Your definition of consciousness seems slightly incorrect to me. The most common definition of consciousness in scientific/philosophical literature is 'what it is like'. I prefer this to yours since it contains no assumptions.

    However, yours is better in one way, in that it includes mention of knowledge. The ability to know appears to be a defining property of consciousness. If an entity cannot know then it cannot know that it is conscious and so cannot be. (Perhaps a test for machine consciousness would be whther or not the machine reports that it knows that solipsism is unfalsifiable). In my view if a machine can know things then it is conscious, and if it cannot know things then it is not.

    If this is the case then to create artifical consciousness we must create the ability to know. To do this we will have to figure out how we ourselves know things. As yet there is no scientific/computational theory, hypothesis or conjecture as to how we know things, nor even any third-person evidence that we do, so for research into how to create 'knowing' all we can do is to explore our own consciousness and figure out how we do it ourselves.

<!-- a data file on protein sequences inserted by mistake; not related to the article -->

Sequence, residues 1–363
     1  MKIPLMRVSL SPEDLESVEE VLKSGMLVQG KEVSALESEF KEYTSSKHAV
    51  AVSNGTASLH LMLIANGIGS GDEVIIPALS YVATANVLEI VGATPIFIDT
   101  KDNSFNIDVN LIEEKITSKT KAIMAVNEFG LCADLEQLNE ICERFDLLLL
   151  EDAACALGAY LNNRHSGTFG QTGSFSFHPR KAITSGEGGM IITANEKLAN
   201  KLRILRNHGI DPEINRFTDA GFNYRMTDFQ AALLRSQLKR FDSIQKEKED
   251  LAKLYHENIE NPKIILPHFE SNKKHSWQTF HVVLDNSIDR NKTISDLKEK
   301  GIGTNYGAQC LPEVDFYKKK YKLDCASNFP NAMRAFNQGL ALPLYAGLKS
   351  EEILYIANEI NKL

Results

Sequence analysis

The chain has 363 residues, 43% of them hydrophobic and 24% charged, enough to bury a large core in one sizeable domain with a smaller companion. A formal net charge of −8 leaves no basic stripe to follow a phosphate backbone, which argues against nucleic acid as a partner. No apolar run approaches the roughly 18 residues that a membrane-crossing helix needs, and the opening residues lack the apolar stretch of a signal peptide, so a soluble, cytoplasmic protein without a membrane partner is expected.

When we do this it becomes clear that we use more than our reason to know things. Hence Descarte's 'cogito'. This means that to create artificial consciousness we must transcend computation, which suggests to me that research in artificial intelligence is simply research into computation and has got nothing at all to do with creating consciousness.

    I agree though that if we do manage to create machines that can act in any way independently then Asimov's laws will be important. But if I remember right those laws give rise to contradictions, leaving the robot with smoke coming out of its ears in one of his tales. This does not happen to human beings, who can simply break the rules. So a robot with unbreakable laws of behaviour programmed into it is not equivalent to a human being. To make it equivalent, as you say, we would have to allow it break those laws.

    My feeling is that artificial consciousness arising as a product of computation is a less plausible idea than Hari Seldon's predictive sociology.


    PS. It occurs to me that Asimov's three laws are equivalent to axioms. Perhaps this means that we cannot ever be sure that the laws we impose on a robot are self-consistent and do not give rise to contradictions unless the robot is extremely simpleminded!